For instance, say you are organizing a raffle for a non profit that helps get kids involved in sports. Who is most likely to be interested in helping out such an organization by buying raffle tickets? People who believe that sports can play a positive role in someone’s life. In other words, people who are interested in sports themselves. So make the tickets even more tempting by offering sports-related prizes.

Make sure to order custom raffle tickets on which you can list the prizes you’re offering. That way, ticket buyers can show their tickets to friends and the prizes are listed right there for them so they don’t need to remember specifics. A little bit of free marketing.

Store Entrances: Prime Real Estate for Raffle Ticket Sales

Wednesday, July 6th, 2011

There are quite a few ways you can go about selling raffle tickets to people who don’t know your organization. One of the best ways for small and large organizations alike is to set up a table at the entrance to a high-traffic location, like a large store or shopping center. Thankfully, this is fairly easy to pull off.

The first thing you need to do is talk to the owner of the location. Explain to them the cause you’re raising funds for as well as talk to them about times to set up a table. (Get them on your side, and they may even be willing to help out with some sort of matching donation.) Aim for times when lots of people will be visiting the location. For instance, if you’re setting up shop at a grocery store, sell tickets on Saturday afternoon or around rush hour during the week when people are making a quick stop for groceries on their way home.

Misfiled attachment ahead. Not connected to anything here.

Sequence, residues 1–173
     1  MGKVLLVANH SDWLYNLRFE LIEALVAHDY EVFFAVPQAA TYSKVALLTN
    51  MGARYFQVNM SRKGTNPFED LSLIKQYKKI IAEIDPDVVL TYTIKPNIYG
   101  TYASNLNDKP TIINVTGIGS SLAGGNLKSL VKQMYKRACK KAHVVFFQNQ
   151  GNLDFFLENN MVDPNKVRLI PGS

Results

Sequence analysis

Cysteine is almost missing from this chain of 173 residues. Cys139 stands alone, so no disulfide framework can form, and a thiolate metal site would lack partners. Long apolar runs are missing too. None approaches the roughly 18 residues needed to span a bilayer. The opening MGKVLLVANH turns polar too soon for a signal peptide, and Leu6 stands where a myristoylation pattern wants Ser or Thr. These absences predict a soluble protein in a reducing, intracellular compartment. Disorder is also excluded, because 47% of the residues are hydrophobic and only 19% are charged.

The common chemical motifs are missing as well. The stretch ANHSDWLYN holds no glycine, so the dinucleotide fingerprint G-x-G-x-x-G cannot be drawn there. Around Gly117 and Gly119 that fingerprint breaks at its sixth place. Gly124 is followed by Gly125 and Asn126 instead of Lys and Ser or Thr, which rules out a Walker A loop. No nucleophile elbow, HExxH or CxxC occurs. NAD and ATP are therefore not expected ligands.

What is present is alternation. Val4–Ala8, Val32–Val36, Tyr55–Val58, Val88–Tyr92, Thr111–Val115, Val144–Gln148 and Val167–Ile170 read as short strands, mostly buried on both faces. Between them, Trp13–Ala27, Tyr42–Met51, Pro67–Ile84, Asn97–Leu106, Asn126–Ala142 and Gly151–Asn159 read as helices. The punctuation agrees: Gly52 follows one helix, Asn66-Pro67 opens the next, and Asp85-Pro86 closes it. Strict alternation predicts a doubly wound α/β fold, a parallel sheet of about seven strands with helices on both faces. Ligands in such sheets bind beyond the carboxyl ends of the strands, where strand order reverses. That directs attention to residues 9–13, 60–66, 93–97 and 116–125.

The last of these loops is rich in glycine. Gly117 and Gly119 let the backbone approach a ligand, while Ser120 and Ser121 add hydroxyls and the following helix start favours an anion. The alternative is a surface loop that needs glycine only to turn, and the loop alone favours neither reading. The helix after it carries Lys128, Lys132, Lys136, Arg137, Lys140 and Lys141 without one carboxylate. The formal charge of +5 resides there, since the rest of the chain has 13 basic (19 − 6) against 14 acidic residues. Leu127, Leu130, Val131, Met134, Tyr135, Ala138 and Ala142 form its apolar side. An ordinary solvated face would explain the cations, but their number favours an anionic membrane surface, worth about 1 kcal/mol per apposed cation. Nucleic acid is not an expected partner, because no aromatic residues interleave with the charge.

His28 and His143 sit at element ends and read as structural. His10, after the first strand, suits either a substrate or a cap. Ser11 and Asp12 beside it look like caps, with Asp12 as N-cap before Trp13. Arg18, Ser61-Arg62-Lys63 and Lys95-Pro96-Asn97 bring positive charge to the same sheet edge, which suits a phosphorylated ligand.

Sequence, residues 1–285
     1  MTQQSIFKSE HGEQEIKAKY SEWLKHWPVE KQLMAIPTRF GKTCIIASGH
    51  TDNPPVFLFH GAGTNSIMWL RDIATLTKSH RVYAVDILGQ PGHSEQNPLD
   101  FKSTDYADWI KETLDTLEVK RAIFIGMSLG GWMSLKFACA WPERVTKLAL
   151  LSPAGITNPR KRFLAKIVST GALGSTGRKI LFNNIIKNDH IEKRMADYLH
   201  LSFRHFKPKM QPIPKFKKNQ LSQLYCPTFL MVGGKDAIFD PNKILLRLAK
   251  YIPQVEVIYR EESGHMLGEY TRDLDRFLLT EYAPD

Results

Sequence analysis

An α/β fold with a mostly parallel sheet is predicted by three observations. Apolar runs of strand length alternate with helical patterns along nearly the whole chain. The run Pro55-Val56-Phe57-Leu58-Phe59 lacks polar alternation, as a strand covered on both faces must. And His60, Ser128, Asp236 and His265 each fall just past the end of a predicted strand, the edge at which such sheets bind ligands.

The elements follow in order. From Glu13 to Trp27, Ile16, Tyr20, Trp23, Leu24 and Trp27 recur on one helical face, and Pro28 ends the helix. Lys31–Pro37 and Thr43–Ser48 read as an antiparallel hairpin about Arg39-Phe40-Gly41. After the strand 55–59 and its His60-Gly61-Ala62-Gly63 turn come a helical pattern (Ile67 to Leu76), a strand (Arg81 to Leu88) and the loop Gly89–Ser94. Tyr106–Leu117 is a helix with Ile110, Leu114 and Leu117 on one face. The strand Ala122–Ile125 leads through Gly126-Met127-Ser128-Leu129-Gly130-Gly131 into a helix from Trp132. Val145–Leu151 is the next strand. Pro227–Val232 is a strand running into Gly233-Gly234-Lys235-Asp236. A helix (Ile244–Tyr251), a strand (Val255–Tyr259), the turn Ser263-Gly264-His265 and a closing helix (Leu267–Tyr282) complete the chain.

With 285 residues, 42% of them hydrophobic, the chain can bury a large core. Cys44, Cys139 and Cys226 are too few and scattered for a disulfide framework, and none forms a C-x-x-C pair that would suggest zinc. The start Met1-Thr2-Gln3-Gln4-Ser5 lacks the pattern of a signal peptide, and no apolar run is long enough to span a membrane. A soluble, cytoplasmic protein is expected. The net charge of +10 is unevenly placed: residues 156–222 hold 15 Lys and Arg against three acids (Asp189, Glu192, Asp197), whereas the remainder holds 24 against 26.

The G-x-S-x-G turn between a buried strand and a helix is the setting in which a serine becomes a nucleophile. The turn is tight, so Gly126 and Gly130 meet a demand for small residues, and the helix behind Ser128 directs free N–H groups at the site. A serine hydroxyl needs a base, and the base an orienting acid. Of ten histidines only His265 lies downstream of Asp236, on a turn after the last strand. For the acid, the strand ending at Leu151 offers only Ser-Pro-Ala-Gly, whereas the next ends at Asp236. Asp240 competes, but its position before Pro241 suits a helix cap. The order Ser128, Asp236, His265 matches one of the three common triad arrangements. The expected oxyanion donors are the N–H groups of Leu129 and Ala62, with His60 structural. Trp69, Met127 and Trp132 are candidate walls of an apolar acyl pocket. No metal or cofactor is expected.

Once you’ve gotten permission to sell, design your stand for success. Make clear, easy-to-read signs on all sides of the table from which large numbers of people are likely to approach. Most people will make the decision to buy or not before ever approaching the table. Explain the cause you’re raising money for as well as the cool prizes. Ask for people’s help.

Finally, make sure whoever mans your stand has a cheery disposition and enthusiasm for the cause. People are much more likely to approach and buy from a happy volunteer than a gloomy employee who’s been roped into it.

State-by-State Raffle Laws

Wednesday, June 22nd, 2011

Raffles, even for charity, are illegal in many states. Before you begin planning one for your organization, make sure you look into the relevant gaming laws. Here we’ve provided links to the most up-to-date information for all 50 states plus Washington, D.C. These laws are subject to change, so we’ve also provided the name of the government body on whose site we found the information.

Good Record Keeping: Key to Raffle Success